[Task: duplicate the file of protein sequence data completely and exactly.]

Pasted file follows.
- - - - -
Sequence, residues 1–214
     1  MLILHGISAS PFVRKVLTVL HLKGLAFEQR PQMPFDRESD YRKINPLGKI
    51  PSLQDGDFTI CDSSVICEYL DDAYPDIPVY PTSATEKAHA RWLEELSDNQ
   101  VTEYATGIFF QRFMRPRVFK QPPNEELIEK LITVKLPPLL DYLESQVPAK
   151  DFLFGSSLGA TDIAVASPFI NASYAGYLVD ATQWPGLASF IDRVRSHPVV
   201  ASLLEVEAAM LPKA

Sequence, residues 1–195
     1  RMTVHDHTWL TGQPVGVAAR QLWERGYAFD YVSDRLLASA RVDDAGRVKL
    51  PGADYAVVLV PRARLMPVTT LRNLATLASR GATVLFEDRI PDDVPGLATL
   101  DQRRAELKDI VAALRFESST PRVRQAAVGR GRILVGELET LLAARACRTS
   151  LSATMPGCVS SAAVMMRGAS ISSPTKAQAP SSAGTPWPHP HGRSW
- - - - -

Sequence, residues 1–214
     1  MLILHGISAS PFVRKVLTVL HLKGLAFEQR PQMPFDRESD YRKINPLGKI
    51  PSLQDGDFTI CDSSVICEYL DDAYPDIPVY PTSATEKAHA RWLEELSDNQ
   101  VTEYATGIFF QRFMRPRVFK QPPNEELIEK LITVKLPPLL DYLESQVPAK
   151  DFLFGSSLGA TDIAVASPFI NASYAGYLVD ATQWPGLASF IDRVRSHPVV
   201  ASLLEVEAAM LPKA

Sequence, residues 1–195
     1  RMTVHDHTWL TGQPVGVAAR QLWERGYAFD YVSDRLLASA RVDDAGRVKL
    51  PGADYAVVLV PRARLMPVTT LRNLATLASR GATVLFEDRI PDDVPGLATL
   101  DQRRAELKDI VAALRFESST PRVRQAAVGR GRILVGELET LLAARACRTS
   151  LSATMPGCVS SAAVMMRGAS ISSPTKAQAP SSAGTPWPHP HGRSW